Senator Dana Young and Representative Jared Moskowitz have filed respective bills seeking to legalize compensation for injuries or deaths to pets as result of negligence. Under existing Florida law, pets are considered property for which there is no right to claim a wrongful death or a pain and suffering for an injury. As it stands, the death of a pet is compensable only to the extent of the fair market value of the animal or veterinary bills incurred. Senator Young told the media that this is just not enough for her constituents and that pets are not just a piece of property.
What Does The Bill Propose?
The bills propose a $5,000 maximum award for pain and suffering from losing a pet due to the “gross negligence” of another. Young said to meet this standard, the conduct would have be a complete and conscious disregard for the safety or welfare of the animal. The bill also provides for liability for veterinary bills and the fair market value of the animal upon death. The pet involved must also be a “dog” or a “cat.”
The Secret Life Of A Pet Injury Claim
Before passing a new piece of legislation opening the floodgates of litigation, we should be asking ourselves what greater purpose are we serving to society with this law. I have heard of people spending $10,000, $15,000, and upwards of $20,000 for surgeries by veterinarians for their pets. And then, the pet dies after all of that. I also understand that pets are “like” family to many people.
This bill becomes law, then if you happen to hit someone’s dog with your car (and a jury considers your conduct “gross negligence” because you were texting and speeding in a neighborhood) then you may be responsible to pay $5,000 in pain and suffering to the owner, $5,000 for the value of a “prize-winning” poodle breed, and $10,000-20,000 in veterinary bills incurred before the dog died. Whereas before, at best your legal liability would have been just the fair market value of the animal. As you can see, this proposed law changes a lot as far as legal liability goes.
Personal Injury Parallels
In personal injury litigation, a person’s “reasonable and necessary” medical expenses are awarded after an injury caused by negligence. In most instances, you would expect a person who is injured in an accident to go to an ER where they provide testing and treatment to ensure that the person is not going to die. Car insurance, health insurance, and Medicare all set their reimbursement rates based on national figures for the “reasonable” cost of emergency health care. However, if pet injury compensation is allowed, there are no established limits on what is “reasonable and necessary” treatment for an animal with a particular set of symptoms. Some people may go to further lengths than other owners to protect the health and lives of their pets.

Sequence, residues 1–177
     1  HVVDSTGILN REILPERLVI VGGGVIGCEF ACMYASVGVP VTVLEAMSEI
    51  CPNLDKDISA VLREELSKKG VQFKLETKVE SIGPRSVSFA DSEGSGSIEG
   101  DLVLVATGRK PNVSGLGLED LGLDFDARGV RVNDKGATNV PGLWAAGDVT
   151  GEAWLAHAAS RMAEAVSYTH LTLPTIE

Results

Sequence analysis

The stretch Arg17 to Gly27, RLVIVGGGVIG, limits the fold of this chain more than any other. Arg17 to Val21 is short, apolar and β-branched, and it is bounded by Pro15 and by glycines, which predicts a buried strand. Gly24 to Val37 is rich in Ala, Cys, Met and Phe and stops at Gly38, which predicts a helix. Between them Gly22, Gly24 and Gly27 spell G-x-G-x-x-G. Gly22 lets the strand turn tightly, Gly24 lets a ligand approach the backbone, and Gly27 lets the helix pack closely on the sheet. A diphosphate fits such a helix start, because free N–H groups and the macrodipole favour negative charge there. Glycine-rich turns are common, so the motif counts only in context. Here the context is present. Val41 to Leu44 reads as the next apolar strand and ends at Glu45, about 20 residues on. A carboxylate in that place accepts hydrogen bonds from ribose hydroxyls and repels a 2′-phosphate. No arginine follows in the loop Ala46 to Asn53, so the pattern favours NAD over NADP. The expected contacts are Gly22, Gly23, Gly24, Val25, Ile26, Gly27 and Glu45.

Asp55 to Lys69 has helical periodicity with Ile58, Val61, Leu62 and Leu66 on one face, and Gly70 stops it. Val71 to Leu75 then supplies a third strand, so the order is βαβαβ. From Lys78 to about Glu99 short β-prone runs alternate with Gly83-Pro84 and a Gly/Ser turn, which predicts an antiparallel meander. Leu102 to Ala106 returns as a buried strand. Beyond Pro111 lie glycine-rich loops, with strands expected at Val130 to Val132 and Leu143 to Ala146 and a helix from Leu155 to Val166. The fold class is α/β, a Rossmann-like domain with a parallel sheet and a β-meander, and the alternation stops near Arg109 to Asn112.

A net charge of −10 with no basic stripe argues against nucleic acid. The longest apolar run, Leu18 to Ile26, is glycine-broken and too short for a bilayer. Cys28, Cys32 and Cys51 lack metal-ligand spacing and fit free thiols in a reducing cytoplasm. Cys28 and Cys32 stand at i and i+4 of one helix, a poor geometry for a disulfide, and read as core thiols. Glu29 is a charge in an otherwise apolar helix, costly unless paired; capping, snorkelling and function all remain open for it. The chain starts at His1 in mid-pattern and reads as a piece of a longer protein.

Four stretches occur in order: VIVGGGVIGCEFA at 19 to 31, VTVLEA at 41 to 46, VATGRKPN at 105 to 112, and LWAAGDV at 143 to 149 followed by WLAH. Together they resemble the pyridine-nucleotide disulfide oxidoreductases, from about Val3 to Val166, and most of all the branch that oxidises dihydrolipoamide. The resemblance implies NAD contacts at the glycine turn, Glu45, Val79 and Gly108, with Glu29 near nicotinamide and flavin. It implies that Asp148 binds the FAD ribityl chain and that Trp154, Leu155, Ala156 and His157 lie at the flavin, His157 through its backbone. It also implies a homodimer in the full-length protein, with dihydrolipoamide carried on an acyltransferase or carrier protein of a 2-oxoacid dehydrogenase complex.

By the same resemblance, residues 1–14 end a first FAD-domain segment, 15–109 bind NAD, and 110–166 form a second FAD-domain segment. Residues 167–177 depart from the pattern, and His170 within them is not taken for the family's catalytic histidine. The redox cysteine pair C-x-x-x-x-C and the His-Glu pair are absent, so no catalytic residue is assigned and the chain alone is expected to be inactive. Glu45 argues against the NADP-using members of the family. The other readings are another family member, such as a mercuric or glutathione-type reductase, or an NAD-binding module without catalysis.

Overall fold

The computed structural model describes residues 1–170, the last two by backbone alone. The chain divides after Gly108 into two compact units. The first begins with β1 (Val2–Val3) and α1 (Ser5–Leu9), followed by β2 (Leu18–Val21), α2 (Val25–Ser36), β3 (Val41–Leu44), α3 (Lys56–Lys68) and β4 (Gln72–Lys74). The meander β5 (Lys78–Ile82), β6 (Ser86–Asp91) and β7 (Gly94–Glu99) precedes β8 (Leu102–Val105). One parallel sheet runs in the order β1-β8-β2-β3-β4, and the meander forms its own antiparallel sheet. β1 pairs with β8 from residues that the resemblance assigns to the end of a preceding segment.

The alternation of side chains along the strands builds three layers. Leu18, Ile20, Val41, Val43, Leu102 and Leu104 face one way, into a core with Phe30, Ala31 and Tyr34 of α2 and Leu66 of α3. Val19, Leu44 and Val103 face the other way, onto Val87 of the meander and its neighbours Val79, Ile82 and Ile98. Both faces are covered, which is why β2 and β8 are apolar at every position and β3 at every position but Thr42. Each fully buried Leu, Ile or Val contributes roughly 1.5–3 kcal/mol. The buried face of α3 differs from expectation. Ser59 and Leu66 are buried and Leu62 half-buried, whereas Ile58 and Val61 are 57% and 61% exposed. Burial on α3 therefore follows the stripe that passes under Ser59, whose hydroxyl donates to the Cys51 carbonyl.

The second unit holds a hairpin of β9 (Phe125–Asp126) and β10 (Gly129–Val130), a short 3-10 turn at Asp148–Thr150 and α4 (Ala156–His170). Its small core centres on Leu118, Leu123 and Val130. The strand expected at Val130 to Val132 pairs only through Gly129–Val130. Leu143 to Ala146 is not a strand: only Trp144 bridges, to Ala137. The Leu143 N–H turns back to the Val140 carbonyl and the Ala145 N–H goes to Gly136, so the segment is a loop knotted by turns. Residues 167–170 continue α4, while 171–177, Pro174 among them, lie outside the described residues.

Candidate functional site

In personal injury law, if a particular treatment is not covered by insurance or Medicare, you might conclude that such treatment is not considered by the government or an insurance company to be needed and, therefore, is probably not “reasonable and necessary.” However, there are no such guidelines when it comes to veterinary medicine because no one has ever had to consider it before.
Are The Courts Prepared To Handle These Claims?
The next question that must be asked is whether our court systems are prepared to handle claims from a new cause of action for liability for injuries to pets. In a typical personal injury case, the insurance company will make the injured person go to a doctor for an “independent medical examination” or “compulsory medical examination.”
The purpose of this examination is to give the defense an opportunity to rebut the plaintiff’s injury claims with evidence produced by an actual examination. This turns many Florida personal injury cases into a so-called “battle of the experts.” If the courts are to hold a defendant legally responsible to pay for damages as a result of a pet injury, due process of law would require the rules of civil procedure to apply to pet injury claims and these cases may become a battle of the veterinary experts to determine the extent of the pet’s injuries.
Just The Tip Of The Iceberg On Legal Issues
These are just some of the legal issues that will be raised in a pet injury case by plaintiffs who are asking for money and insurance companies who are defending against illegitimate claims. This is an area of law to watch as the legislative season progresses.
Talk To A Lakeland Personal Injury Attorney About Your Case
If you have suffered an injury for which someone else may be legally responsible, you should contact a Lakeland personal injury attorney to discuss whether your case is collectible. An appointment with a Lakeland personal injury attorney is free and comes with no obligation.